Witu Islands Diving… Some two years and nine months (almost to the day…) after I had to scramble to get out of Papua New Guinea before the borders closed. In early December 2022 I arrived back at Hoskins airport in Kimbe Bay to pick up where I left off.
PNG only opened its borders fully to tourists in August. But it seems there are many others like me who were itching to get back as the boat was full. A really great sign after virtually zero inbound tourism for 2.5 years…
I was heading for Walindi Plantation Resort where I was booked on board the MV Oceania. For one of its “signature” trips to the Witu Islands in the Bismarck Sea. It was my 24th trip to PNG in 20 years and you could say I was very happy to be back!
The Witu Islands
These remote islands, atolls and reefs are located some 120 kms north-west of Kimbe Bay, on the north coast of New Britain. The next largest island in PNG after the main island of New Guinea. Like much of the country, New Britain is a wild, rugged and interesting place that is sparsely populated. And has some intriguing topography with two very defining features… The huge mountain range that runs down the spine of the island. And the numerous volcanoes to be found around the coast.
So high are those mountain ranges, they almost completely isolate the north coast from the south. Creating two separate weather systems and making the south coast one of the earth’s wettest places with some of the highest annual rainfall in the world.
The Witu Islands are also defined by volcanoes and their epicentre is the massive caldera at Garove Island. The southern wall of the caldera is breached and so the huge crater is flooded. Forming a superb natural harbor named after the German humanist and theologian Johann Albrecht. Overnighting inside the caldera is one of the highlights of the overall trip!
Witu Islands Diving – Reefs…
Underwater at the Witu’s the diving falls in to two main types… Spectacular reefs rich with marine life and black sand muck sites that abound with critters!
Viewed from a drone the fringing reefs are really quite spectacular. While underwater the rich waters of the Bismarck Sea, combined with the sheer isolation of the Witu’s have created incredible self-contained ecosystems that simply pulse with life.
The tops and sides of the reefs have dense coatings of beautiful, healthy hard corals, and sponges that host a plethora of reef fish.
Then, the reef walls start to descend down in to the depths. Here you will find equally healthy and very photogenic sea fans, anemones and soft corals. All hosting beautiful colonies of small creatures and more of those colourful reef fish that all combine to create a veritable kaleidoscope of marine life!
In between the numerous reefs and the critter sites is this iconic Witu Islands dive. As the name suggests, the site is all about the pair of very scenic arches. Which are on the sloping ridge that runs down in to the deep from the main reef.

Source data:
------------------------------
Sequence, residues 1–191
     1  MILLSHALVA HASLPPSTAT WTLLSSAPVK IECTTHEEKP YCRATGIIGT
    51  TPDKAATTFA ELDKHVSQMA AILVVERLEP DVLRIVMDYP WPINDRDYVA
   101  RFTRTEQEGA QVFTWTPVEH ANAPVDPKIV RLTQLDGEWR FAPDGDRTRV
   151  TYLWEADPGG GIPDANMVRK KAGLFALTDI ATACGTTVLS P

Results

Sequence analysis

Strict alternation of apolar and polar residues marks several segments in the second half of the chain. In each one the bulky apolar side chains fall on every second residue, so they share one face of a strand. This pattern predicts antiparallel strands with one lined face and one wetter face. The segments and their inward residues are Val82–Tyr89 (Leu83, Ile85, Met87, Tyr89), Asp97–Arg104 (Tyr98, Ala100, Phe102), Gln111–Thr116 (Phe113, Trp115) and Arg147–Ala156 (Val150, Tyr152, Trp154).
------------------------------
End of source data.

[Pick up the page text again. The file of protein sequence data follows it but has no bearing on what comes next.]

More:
The site’s permanent mooring is perfectly located to dive on and return to from the ridge. As the the arches are at 23m, bottom time can become an issue as you explore the caves and what the rest of the site has to offer.
The arches are side by side and easy to find as you descend down the ridge. Plus they are quite safe to enter and exit. The surrounding area has a lot of nice sea fans and generally there is much to see. And when your bottom time is up you simply swim back up the ridge to the mooring.
Witu Islands Diving – Muck…
The massive explosion that created the huge caldera on Garove Island also deposited rich, black volcanic ash. Creating numerous places for critters to thrive, like these dense clusters of cabbage coral…
Wire Bay (pronounced “weary bay”) is my personal favourite of those black sand sites.
It is located on the south-west corner of Garove Island and provides a nice, safe anchorage for open-deck diving. It’s a target-rich environment for macro shooters and abounds in colourful nudibranchs, ribbon and moray eels, hermit crabs and those reef bullies the mantis shrimp!
The routine we followed while at the Witu Islands on Oceania was early and mid-morning dives on the reef site. Which allowed us to get the best of the light as it brought the reefs to life.
Then in the afternoons we would switch to the muck sites and immerse ourselves in critters…
There is really only one negative about a trip to the Witu’s and that is the trip will come to an end. A week out in the Bismarck Sea seems a long time when you are leaving Kimbe Bay, but the days quickly pass and before you know it, it’s time to head back!
The whole area offers some truly exceptional diving and, unlike many other global locations, your’s is the only boat in the area – period.
Fantastic location, wonderful boat and simply incredible diving!
Check out the Complete Guide to Diving Papua New Guinea to understand more about this amazing country!